I recently wrote about the benefits of picking a city a bit off the beaten track in China for your year abroad, but promised to write something arguing the other point of view (and there are definitely advantages and disadvantages of each!). So here goes, five reasons why Beijing and Shanghai are the places to study abroad in China…
Due to the high investment into and populations of these two major cities, transport links from them to the rest of China (and abroad) are generally fantastic. There are high speed trains to all major cities nearby (great for weekend trips during term time) and flights all across Asia for adventures further afield during the vacations. If you are travelling from a smaller city you may need to take older, slower trains or travel via Beijing.
As major cities for business and trade in China, Shanghai and Beijing have large expat communities and most locals can speak English. This makes initially settling into the culture much more comfortable, particularly if you have not previously studied much Mandarin. Additionally, if you are considering working in an international company in China, these are perfect cities for networking and work shadowing opportunities. And if you want to party, there are western style clubs all over the city – often with free drinks or entry to entice students in.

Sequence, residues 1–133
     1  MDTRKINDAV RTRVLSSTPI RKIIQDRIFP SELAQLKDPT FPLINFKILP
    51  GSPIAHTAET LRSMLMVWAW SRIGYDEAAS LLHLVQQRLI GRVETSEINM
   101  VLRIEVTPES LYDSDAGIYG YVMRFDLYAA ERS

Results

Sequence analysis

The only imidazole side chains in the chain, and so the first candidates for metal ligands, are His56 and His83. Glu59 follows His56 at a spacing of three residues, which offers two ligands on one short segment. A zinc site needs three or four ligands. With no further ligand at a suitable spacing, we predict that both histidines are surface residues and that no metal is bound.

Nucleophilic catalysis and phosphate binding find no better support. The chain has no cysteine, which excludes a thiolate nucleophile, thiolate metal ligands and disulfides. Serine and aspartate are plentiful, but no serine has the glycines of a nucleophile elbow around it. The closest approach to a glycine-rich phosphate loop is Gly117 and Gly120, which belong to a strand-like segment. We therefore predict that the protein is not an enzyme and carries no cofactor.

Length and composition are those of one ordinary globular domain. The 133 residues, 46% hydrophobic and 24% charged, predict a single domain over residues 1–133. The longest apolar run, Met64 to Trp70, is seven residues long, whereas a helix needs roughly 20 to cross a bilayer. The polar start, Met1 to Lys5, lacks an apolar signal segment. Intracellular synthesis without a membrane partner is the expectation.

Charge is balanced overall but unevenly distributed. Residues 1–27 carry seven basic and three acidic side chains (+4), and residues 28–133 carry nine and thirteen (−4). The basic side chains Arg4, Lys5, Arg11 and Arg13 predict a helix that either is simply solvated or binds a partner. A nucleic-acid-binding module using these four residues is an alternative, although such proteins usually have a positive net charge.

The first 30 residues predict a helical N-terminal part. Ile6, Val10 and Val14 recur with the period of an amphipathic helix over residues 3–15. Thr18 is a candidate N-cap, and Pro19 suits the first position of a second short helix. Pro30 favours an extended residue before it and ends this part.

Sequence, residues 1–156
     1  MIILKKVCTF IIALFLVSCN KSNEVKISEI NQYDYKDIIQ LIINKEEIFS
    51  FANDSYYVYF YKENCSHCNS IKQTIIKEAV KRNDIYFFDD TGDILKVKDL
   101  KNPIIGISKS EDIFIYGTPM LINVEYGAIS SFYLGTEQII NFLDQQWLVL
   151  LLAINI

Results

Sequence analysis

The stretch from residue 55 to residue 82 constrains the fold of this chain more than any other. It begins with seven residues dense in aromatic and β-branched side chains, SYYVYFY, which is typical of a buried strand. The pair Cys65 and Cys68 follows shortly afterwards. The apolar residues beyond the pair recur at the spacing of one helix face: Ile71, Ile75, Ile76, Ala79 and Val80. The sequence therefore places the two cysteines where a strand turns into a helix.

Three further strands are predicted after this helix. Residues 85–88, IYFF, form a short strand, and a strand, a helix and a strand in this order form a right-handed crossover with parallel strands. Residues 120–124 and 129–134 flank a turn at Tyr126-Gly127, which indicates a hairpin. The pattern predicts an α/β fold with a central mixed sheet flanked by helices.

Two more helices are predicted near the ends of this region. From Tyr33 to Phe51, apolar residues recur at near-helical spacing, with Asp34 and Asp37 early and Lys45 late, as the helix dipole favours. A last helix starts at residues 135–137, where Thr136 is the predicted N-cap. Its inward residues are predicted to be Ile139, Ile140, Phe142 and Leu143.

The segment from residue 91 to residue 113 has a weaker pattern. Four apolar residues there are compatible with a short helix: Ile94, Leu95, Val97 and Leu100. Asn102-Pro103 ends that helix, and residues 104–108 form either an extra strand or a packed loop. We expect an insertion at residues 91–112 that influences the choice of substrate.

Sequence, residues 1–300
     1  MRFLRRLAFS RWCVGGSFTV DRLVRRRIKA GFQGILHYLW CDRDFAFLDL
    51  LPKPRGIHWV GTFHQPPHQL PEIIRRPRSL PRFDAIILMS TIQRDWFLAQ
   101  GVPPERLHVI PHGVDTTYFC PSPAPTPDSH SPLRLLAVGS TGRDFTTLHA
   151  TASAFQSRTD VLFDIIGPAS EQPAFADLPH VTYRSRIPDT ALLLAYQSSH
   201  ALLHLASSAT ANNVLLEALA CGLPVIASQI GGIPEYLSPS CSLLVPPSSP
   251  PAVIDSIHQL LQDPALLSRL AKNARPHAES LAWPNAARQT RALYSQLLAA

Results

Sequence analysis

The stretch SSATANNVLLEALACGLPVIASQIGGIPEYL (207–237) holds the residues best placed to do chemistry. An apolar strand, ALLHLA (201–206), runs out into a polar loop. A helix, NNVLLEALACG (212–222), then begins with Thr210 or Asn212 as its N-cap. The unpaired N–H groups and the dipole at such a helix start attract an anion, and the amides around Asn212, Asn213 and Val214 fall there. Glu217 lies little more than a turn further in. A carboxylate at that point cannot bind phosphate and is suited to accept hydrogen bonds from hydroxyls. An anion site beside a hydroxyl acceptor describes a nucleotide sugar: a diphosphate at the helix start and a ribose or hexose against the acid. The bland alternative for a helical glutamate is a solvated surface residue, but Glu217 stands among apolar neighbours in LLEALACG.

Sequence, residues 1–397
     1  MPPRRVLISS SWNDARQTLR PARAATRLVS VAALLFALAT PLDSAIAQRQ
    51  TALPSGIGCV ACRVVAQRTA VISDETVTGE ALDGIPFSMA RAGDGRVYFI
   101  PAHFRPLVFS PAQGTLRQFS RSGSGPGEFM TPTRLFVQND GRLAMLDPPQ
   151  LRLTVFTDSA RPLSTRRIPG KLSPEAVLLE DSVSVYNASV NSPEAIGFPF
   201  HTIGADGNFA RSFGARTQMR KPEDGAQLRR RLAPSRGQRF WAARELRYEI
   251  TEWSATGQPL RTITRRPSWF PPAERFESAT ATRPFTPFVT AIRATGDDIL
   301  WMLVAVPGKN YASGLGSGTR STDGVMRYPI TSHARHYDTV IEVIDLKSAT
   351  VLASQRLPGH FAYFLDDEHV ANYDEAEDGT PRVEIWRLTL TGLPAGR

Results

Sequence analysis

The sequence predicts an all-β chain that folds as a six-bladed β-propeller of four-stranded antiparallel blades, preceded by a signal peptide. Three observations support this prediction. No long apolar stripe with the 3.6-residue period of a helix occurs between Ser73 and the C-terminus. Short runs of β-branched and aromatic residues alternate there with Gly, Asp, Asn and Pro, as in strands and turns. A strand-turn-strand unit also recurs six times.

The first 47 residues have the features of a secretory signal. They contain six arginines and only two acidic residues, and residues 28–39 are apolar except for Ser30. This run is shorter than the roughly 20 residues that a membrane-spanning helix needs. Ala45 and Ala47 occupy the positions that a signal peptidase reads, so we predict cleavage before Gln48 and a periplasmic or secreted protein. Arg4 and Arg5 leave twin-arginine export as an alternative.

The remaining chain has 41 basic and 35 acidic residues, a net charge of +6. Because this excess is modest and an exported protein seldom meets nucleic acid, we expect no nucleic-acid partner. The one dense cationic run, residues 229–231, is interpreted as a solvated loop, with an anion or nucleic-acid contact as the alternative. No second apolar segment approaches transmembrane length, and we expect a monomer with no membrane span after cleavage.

Famous Sights and Cultural Activities
Tying into the point about travel – you don’t even have to leave the city to visit top tourist sights! There are so many places to visit all around you (e.g. the Forbidden City, Bund, Museums, Temples) – admittedly some may seem a little done up for the tourists, but still give you a bright and cheerful insight into Chinese history and culture. Students are often busy with their studies and you may not have much time to travel at weekends – but having interesting sights on your doorstep means you just need to take an afternoon off. Also, many major cultural and social events are held in Beijing – whether it’s the National Day parade or a concert, there’s something on all the time.
The climate is incredibly varied across China – from the cold, wintery north where it gets to below -30 degrees in Winter to the tropical South where snow is a once-in-a-lifetime experience. Beijing and Shanghai sit nicely in the middle of these two extremes – Beijing perhaps slightly cool in Winter and Shanghai a little warm and humid at times, but both relatively comfortable for us Brits to cope with. Trust me, this is important – I barely left my dorm in Harbin’s freezing winter and once my clothes literally froze while drying in my room…
World Famous Universities
While studying abroad will look great on your CV wherever you go, there is that little bit more sparkle when you’ve studied at Peking University or Shanghai Jiaotong University – both of which are well-known internationally. These top universities offer fantastic quality education and lots of extracurricular/ scholarship opportunities due to high levels of government investment. Of course, university rankings should not be your main deciding point but finding out which ones are good for your chosen course can help you decide where you might learn the most.
I had an amazing year studying in Harbin and wouldn’t change it for the world, but would definitely admit that, particularly for short term programs, Beijing and Shanghai may suit some students better. Don’t forget to check out my article on the advantages of going somewhere a little further afield though!